FREEHOLD – A state agency has awarded the Neighborhood Preservation Program (NPP) designation to Freehold Borough and the action is expected to assist municipal officials as they work to revitalize certain areas of the community.
Mayor Kevin Kane recently received a letter from New Jersey Lt. Gov. Sheila Oliver which stated that Freehold Borough has received the NPP designation from the New Jersey Department of Community Affairs (DCA).
The designation was awarded to the borough’s neighborhood preservation project district, which includes portions of Throckmorton Street, Mechanic Street, Lafayette Place, Haley Street and Rhea Street.
According to the state, the NPP is a program of grants to encourage and promote the social and economic strengthening and development of neighborhoods. The NPP directly serves targeted neighborhoods throughout New Jersey and provides money to revitalizes areas in decline.
Municipalities are eligible to apply for the NPP if they have a local residential area that meets the “threatened, but viable” criteria. The criteria is defined as neighborhoods that are beginning to decline, but can be rehabilitated and restored by cultivating existing social, economic, financial and technical resources toward the development and implementation of planned activities that sustain neighborhood vitality, according to the state.
NPP funds may be used for administrative costs; community planning; housing rehabilitation, code enforcement, and related commercial rehabilitation/revitalization; educational, self-help activities, and neighborhood organization; demolition, site clearance, and property acquisition and disposition; and limited infrastructure and public facility improvements in conjunction with neighborhood rehabilitation activities.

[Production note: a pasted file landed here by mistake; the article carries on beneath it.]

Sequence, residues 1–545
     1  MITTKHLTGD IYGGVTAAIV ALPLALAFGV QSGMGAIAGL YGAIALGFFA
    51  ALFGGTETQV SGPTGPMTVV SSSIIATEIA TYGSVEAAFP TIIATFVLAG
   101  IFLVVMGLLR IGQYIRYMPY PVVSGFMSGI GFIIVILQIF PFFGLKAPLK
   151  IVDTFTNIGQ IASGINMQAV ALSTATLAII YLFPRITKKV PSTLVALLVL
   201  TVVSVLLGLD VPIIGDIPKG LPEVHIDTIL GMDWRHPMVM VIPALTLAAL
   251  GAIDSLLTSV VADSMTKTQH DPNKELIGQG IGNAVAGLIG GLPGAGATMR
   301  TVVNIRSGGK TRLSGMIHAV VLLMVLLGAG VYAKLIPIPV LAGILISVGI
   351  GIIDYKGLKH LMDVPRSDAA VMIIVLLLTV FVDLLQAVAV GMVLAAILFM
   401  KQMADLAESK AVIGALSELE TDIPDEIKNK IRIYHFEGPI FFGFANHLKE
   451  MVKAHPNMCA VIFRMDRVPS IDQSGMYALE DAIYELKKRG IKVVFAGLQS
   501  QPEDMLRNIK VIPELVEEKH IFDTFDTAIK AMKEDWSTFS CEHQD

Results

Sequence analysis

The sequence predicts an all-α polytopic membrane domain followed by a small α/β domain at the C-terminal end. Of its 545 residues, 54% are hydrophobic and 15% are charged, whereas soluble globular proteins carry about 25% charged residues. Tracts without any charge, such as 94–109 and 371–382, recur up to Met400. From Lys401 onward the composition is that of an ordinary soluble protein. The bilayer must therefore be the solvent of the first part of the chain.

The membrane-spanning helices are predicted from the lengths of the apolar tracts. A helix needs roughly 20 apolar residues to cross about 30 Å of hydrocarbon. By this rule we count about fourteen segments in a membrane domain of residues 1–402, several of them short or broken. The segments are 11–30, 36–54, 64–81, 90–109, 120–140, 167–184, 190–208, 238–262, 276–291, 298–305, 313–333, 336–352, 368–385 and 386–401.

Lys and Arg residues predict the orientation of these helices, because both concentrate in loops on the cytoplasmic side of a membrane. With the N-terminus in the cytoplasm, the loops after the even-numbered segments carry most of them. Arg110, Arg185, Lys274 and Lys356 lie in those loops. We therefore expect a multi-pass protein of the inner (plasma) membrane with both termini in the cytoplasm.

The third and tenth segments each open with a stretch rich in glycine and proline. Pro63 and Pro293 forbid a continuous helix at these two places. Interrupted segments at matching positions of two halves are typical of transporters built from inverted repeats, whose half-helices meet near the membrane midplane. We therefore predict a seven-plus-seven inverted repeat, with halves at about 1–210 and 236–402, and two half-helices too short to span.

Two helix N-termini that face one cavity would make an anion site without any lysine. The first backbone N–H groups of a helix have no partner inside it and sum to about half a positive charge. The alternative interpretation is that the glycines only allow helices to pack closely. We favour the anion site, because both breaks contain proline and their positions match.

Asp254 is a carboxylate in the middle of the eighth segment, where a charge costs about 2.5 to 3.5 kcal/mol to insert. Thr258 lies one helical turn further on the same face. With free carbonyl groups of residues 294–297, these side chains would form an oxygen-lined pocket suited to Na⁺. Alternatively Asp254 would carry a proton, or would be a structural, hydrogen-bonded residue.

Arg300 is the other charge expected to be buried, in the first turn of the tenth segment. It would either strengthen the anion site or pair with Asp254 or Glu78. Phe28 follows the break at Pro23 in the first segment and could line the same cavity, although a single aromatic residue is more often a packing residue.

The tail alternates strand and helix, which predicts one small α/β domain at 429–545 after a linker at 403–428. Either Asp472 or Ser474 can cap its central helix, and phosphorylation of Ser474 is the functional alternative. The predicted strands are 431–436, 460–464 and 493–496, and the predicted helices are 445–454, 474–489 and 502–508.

In her letter to Freehold Borough, Oliver said applications from 31 municipalities sought 20 available spots for NPP designation.
The lieutenant governor said that in addition to the NPP designation and technical assistance from the DCA’s Neighborhood Preservation Program team, Freehold Brough will receive an initial grant of $125,000 to support the implementation of the program.
“We believe that working together, we will be able to achieve stakeholder-driven visible and tangible change in this part of your community that will benefit your residents and business owners while helping to build a stronger and fairer New Jersey,” Oliver wrote. “We look forward to continuing to support the borough as you (Kane) move forward with your local NPP efforts.”
In a Dec. 27 post on Facebook, Kane asked Freehold Borough residents and stakeholders to participate in a survey related to the NPP.
The survey may be found at https://docs.google.com/forms/d/e/1FAIpQLScu0t2Wp3KkvKPH96GrPeQfhfVP3K2gOOoY7g4zSpMHTqgXnQ/viewform
In his Facebook post, Kane said the online survey “is one step toward ensuring residents and business owners have the opportunity to provide valuable input for the five-year NPP Implementation Plan.
” … Robust community engagement is the name of the game. A lot of staff and volunteers worked so hard to secure this amazing opportunity and we need to show the funders we are taking this very seriously and are committed to an ‘all hands on deck’ approach to generate visible, tangible, collaborative and positive change,” he said.